Major League Baseball officially entered the second half of its season on Thursday, and almost every commentator asked to give his or her “surprise team” of the first 81-plus games named the San Francisco Giants.
Most every fan of the sport recognized the squad’s arsenal of arms in the starting rotation: from reigning National League Cy Young winner, Tim Lincecum, to the most-recent member of the 300-win club, Randy Johnson. Unfortunately for the Big Unit, his milestone victory came in front of approximately seventeen fans in Washington, D.C. at Nationals Park. That fact aside, add names like Matt Cain, a winner of ten contests, and the fresh-faced Ryan Sadowski, and there is no doubting San Francisco’s pitching prowess.
Last week, the stars aligned to add another accolade to an already impressive group of pitchers. On July 10th, young Jonathan Sanchez accomplished something that had not happened for a Giants’ pitcher in over thirty years. Sanchez threw a no-hitter against the San Diego Padres. If it had not been for a fielding error by third baseman Juan Uribe in the ninth, Sanchez would have walked away with a perfect game. The craziest part is that he was not even originally scheduled to start that night, as he was replacing an injured Randy Johnson.
Now the first question that should come to mind, at least for a cynical fan is, “Does a no-hitter against the Padres actually count?” I can assure you that despite a runs-scored-to-runs-allowed differential of 110 for the Padres, good for second-worst in the League to the Nationals, the result is in fact legitimate.
But the game and result in question here are exactly the reasons for the Giants and GM Brian Sabean to trade Sanchez before the July 31st, deadline. I hear what you’re thinking: “Crazy! Preposterous! Unthinkable!” Actually, the word you’re searching for is necessary.
San Francisco already possesses at least three high-quality starting pitchers, and Sadowski was impressive in his first few starts for the Giants. Chief among his quality outings was his first, when he took the ball against Prince Fielder and the Brewers at Miller Park. Welcome to the Big Leagues, kid. Still, a solid performance for him there.
Add in “Mr. Mullet” Brian Wilson and what will hopefully be a more consistent Barry Zito going forward, and the black and orange will continue to be golden from sixty feet, six inches. This will be especially true if Zito can channel that guy from a few years ago. The one who used to work on the other side of the bay.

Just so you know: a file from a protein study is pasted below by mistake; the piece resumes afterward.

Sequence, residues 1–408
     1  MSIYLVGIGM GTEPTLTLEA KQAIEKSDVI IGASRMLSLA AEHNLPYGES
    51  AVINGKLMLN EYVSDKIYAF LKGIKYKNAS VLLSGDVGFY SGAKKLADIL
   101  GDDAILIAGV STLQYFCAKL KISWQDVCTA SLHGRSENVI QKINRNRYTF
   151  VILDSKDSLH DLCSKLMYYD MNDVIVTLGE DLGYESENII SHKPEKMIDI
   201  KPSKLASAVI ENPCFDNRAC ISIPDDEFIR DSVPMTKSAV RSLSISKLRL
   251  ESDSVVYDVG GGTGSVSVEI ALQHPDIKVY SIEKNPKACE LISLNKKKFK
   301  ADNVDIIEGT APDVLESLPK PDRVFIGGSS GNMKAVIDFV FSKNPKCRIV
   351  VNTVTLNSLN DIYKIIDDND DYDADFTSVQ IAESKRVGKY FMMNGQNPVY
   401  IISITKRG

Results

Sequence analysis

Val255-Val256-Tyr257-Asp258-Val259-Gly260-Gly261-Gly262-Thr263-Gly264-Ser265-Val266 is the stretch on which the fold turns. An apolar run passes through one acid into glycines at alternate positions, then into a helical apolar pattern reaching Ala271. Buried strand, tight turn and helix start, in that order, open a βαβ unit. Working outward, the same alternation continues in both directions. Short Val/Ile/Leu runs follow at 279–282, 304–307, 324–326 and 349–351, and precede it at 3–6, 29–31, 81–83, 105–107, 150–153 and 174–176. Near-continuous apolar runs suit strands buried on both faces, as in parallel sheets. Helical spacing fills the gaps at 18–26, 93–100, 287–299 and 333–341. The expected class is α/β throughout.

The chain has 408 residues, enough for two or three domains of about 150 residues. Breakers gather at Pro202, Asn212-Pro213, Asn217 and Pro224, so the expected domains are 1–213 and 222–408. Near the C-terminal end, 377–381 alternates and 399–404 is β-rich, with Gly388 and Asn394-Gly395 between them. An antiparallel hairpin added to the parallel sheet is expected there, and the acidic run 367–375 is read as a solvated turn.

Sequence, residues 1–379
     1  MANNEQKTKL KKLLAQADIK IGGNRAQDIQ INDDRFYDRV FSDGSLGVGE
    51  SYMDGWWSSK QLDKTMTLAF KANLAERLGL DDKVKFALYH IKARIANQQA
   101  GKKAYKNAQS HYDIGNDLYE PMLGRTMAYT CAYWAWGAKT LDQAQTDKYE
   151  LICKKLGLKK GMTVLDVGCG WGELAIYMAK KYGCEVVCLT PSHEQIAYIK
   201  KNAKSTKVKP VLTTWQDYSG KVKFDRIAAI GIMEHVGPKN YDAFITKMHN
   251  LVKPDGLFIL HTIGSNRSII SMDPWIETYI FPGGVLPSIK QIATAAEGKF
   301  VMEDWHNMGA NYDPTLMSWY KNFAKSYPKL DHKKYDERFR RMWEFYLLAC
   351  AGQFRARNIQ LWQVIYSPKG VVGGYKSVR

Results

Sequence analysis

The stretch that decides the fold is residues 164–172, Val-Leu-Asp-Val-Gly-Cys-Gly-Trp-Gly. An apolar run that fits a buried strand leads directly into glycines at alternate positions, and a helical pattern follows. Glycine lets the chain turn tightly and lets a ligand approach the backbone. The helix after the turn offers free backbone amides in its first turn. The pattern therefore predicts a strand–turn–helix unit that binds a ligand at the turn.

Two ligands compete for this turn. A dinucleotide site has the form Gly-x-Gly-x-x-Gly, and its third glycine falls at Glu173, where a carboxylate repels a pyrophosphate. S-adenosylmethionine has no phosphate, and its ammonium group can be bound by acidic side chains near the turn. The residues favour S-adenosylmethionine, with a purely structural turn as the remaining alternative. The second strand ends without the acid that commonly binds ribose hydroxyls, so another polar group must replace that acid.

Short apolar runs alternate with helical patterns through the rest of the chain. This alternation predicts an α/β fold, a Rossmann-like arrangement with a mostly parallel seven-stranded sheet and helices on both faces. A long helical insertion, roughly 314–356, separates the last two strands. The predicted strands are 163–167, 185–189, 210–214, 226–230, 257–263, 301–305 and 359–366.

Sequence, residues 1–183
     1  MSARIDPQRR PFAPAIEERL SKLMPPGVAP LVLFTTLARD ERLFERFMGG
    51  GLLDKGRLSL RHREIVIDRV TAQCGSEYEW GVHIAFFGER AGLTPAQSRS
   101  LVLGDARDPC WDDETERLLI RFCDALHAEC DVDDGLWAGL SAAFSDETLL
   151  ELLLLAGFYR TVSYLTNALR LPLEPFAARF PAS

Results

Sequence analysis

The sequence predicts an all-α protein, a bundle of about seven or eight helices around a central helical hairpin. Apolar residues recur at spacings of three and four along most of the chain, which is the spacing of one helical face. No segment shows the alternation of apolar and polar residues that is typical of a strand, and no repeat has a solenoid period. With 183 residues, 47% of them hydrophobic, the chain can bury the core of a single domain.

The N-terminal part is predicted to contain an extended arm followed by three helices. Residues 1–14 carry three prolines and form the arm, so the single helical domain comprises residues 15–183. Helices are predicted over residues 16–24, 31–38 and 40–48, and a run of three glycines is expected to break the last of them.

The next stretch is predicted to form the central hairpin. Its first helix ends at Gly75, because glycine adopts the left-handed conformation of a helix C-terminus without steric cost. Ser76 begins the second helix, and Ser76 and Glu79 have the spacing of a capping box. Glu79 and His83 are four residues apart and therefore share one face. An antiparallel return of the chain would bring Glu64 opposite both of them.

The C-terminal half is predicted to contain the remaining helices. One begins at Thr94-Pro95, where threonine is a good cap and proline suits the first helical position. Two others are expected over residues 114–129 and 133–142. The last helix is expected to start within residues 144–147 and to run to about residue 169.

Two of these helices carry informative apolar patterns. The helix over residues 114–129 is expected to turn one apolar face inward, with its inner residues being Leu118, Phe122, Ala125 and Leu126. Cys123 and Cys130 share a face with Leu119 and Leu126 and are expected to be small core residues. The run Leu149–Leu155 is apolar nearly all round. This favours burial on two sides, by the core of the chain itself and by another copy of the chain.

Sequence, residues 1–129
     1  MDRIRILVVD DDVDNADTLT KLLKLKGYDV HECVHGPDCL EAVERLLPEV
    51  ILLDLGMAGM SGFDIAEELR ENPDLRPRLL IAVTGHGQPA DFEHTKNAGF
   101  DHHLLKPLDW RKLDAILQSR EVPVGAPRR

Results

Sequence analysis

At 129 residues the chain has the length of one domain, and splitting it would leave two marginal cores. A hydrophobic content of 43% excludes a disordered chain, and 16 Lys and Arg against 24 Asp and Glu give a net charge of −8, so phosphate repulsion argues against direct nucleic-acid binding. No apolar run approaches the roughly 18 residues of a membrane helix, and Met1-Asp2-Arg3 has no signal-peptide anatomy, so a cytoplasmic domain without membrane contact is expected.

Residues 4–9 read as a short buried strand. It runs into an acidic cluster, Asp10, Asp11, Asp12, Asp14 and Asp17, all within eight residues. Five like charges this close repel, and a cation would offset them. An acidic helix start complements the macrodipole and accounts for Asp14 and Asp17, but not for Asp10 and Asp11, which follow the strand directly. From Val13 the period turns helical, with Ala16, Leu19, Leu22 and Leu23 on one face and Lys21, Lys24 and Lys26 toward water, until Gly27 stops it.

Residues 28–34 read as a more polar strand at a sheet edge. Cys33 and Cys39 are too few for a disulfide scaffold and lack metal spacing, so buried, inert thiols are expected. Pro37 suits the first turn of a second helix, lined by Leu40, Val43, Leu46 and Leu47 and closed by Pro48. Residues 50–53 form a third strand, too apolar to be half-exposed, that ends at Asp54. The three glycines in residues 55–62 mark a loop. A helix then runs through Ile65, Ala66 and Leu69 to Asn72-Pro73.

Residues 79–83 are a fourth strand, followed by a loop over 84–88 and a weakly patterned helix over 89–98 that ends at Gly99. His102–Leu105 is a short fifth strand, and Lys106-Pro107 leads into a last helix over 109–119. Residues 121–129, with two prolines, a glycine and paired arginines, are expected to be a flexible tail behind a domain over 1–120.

What the team needs is a bat… or two. Don’t believe me? If you’re even a casual fan of what happens on the diamond, you won’t need much convincing. Consider the following:
1) San Francisco leads the NL Wild Card standings by only 1.5 games over Colorado.
2) Pablo Sandoval leads the team in at least four offensive categories (.333 batting average, 15 homeruns, 55 RBI and 102 total hits). Bengie Molina is batting cleanup, he of the .439 slugging percentage. You don’t want that lineup facing a Chad Billingsley or a 1-2 punch the caliber of Beckett and Lester should they reach the World Series.
3) The Giants have only a mark of plus forty four in terms of run differential this season. If a Matt Holliday or Nick Johnson was inserted into Bruce Bochy’s lineup card, that number could easily be over 110 by season’s end.
Dangling Sanchez now is perfect because management can use all of the hype surrounding the no-hitter as leverage. The reality is that most no-hitters are fluke occurrences, that is, unless your name is Nolan Ryan. He threw seven.
Baseball is much like the stock market when it comes to trades. Buy low, sell high. Jonathan Sanchez’s stock price will not increase from its current level, so the smart move would be to find a rebuilding team with no title hopes this year to dance with. We know the Pittsburgh Pirates are always willing to practically give good talent away.
By acting now though, the suits in San Francisco can pick up a player to insert between Sandoval and Molina every night. It'll give the team that much more of a legitimate shot at a long playoff run. The only way to do that, in my eyes, is by dealing Sanchez.